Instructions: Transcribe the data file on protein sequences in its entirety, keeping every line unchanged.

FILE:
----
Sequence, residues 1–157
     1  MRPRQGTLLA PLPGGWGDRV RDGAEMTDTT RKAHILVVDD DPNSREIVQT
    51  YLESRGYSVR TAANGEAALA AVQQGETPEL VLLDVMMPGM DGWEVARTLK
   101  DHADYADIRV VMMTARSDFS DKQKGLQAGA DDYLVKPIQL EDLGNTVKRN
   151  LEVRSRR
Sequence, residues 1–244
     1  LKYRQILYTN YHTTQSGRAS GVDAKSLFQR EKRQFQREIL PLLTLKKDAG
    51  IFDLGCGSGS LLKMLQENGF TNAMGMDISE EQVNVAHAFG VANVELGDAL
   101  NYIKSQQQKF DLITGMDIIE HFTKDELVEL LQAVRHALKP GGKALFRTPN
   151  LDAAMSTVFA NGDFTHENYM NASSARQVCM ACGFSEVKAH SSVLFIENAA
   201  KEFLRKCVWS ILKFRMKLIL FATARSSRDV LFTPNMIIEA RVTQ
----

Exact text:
Sequence, residues 1–157
     1  MRPRQGTLLA PLPGGWGDRV RDGAEMTDTT RKAHILVVDD DPNSREIVQT
    51  YLESRGYSVR TAANGEAALA AVQQGETPEL VLLDVMMPGM DGWEVARTLK
   101  DHADYADIRV VMMTARSDFS DKQKGLQAGA DDYLVKPIQL EDLGNTVKRN
   151  LEVRSRR
Sequence, residues 1–244
     1  LKYRQILYTN YHTTQSGRAS GVDAKSLFQR EKRQFQREIL PLLTLKKDAG
    51  IFDLGCGSGS LLKMLQENGF TNAMGMDISE EQVNVAHAFG VANVELGDAL
   101  NYIKSQQQKF DLITGMDIIE HFTKDELVEL LQAVRHALKP GGKALFRTPN
   151  LDAAMSTVFA NGDFTHENYM NASSARQVCM ACGFSEVKAH SSVLFIENAA
   201  KEFLRKCVWS ILKFRMKLIL FATARSSRDV LFTPNMIIEA RVTQ